Theories and Models in Social Marketing
Reference: Lefebvre, RC (2000).
In PN Bloom & GT Gundlach (Eds.),
Marketing and Society
, Newbury Park, CA: Sage Publications.
Theories and models for social marketing abound, with little formal consensus on which
types of models for what types of social problems in what kinds of situations are most
In defining what social marketing is, many authors include the notion of
exchange theory to link it to its marketing roots (e.g., Kotler & Roberto, 1989; Lefebvre
& Flora, 1988;
Other writers on the subject omit any mention of
exchange theory, either in their definition of social marketing or its key elements (e.g.,
Andreasen, 1995; Manoff, 1985).
Elliott (1991), in a review of the exchange concept’s
place in social marketing, concludes that “[it] is either absent or obtuse” (page 157).
Added to this confusion are other authors who refer to a “social marketing theory” (Gries,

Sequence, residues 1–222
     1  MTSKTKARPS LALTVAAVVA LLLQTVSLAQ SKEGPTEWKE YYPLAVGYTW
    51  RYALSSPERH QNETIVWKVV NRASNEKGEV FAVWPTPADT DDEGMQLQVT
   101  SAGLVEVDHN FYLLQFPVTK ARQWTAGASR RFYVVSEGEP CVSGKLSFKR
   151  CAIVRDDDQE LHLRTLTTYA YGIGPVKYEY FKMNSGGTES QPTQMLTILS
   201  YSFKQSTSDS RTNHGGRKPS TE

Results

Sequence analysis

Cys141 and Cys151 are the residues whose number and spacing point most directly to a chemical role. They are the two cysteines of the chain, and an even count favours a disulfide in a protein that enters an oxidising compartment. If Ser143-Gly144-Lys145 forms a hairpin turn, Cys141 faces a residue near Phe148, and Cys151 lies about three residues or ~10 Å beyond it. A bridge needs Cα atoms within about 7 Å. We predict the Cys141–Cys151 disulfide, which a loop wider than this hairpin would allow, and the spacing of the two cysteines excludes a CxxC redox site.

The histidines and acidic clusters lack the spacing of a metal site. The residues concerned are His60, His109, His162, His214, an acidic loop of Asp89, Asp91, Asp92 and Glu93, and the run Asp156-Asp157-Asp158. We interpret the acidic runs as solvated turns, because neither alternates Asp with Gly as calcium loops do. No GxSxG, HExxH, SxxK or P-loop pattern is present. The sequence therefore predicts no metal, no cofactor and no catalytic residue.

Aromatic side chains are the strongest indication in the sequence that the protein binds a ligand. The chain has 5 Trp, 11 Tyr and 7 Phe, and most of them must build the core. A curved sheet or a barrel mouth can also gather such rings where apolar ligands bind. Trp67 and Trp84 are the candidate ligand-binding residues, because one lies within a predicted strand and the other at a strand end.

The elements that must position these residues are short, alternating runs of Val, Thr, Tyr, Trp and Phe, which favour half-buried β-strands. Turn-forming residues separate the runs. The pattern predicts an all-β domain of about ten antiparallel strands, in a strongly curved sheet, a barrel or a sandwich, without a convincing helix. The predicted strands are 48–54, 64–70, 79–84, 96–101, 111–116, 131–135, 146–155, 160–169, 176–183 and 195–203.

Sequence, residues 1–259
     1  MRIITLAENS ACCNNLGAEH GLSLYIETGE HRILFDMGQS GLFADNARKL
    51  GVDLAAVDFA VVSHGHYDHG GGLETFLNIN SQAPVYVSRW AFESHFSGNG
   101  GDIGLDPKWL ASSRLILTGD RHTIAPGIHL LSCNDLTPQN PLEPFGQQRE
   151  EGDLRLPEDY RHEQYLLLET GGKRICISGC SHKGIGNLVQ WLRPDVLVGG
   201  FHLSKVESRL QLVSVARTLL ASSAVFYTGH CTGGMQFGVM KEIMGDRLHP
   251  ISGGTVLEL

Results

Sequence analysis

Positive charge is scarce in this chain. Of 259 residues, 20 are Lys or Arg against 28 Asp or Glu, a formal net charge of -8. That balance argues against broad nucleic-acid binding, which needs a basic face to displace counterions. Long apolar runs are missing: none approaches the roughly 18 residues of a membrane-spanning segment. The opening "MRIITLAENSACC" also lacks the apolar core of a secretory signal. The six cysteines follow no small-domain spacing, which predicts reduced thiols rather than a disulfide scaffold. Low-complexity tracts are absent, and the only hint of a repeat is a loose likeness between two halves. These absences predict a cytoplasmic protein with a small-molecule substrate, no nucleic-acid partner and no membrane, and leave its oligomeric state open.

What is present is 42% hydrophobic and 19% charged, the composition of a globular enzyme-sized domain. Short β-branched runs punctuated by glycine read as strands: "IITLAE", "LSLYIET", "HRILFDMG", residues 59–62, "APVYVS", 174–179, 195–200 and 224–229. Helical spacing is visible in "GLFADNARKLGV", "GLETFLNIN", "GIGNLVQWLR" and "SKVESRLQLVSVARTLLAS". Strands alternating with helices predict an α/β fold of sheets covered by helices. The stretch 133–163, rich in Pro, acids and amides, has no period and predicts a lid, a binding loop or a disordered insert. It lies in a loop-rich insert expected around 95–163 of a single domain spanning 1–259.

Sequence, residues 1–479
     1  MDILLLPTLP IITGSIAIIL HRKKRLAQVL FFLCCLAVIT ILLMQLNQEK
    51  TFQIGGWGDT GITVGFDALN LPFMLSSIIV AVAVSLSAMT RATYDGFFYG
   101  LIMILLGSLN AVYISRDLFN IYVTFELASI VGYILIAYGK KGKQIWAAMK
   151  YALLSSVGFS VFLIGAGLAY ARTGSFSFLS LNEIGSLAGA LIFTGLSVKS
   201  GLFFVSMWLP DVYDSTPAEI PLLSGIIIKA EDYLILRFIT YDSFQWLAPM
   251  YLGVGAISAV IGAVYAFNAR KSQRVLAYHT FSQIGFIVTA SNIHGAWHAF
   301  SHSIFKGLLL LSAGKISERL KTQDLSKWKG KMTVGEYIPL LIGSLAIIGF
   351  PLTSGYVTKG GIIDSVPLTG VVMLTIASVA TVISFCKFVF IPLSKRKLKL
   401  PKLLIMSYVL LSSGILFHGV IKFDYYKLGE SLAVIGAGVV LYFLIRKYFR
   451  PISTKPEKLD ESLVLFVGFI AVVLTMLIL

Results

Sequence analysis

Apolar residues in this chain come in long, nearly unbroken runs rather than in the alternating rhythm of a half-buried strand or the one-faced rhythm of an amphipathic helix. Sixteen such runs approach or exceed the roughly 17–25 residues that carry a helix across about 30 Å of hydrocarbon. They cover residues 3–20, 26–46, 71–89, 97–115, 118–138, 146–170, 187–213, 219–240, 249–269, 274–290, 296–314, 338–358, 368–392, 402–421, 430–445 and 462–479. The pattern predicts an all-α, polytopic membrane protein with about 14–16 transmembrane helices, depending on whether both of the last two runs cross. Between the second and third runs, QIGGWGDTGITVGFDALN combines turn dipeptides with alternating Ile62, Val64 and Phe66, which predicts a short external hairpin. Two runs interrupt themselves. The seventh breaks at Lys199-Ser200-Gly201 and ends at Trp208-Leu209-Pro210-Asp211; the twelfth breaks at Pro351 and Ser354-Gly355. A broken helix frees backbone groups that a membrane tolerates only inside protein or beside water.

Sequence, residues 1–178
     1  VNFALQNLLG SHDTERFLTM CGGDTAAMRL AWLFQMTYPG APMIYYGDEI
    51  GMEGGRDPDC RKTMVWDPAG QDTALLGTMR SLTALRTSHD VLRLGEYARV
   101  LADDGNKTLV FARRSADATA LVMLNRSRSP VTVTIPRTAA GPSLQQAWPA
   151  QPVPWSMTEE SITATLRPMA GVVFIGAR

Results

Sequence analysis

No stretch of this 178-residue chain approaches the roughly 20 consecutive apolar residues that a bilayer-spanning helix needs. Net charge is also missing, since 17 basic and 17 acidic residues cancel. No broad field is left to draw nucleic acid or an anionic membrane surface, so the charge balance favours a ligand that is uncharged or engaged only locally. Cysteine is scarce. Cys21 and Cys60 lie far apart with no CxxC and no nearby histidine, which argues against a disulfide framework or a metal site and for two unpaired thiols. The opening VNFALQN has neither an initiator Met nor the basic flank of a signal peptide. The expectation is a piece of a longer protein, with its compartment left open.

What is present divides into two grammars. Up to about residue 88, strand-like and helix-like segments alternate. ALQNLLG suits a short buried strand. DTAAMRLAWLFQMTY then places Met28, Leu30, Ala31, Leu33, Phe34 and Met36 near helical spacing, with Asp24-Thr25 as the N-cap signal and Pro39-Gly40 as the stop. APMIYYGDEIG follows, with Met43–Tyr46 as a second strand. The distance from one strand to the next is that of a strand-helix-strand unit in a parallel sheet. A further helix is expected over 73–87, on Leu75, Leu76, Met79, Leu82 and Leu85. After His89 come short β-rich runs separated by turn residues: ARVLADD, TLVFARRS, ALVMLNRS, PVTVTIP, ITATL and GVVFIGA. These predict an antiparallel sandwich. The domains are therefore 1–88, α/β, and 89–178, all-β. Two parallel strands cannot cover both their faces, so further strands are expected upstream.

Black & Coster, 1995; Tomes, 1994).
While authors such as Lefebvre & Rochlin (1997) and Novelli (1990) recognize the value
of the exchange concept in describing social marketing, both hold open the idea that
many other theoretical models may be applied in the actual development of social
“Marketing is theory based.
It is predicated on theories of
consumer behavior, which in turn draw upon the social and behavioral sciences”
(Novelli, 1990, p.343).
In fact, this is what happens in the practice of social marketing.
However, Walsh, Rudd, Moeykens & Maloney (1993) have noted that “professional
social marketers tend to be broadly eclectic and intuitive tinkerers in their use of available
theory (p. 115).”
So while a review of theoretical models used in social marketing seems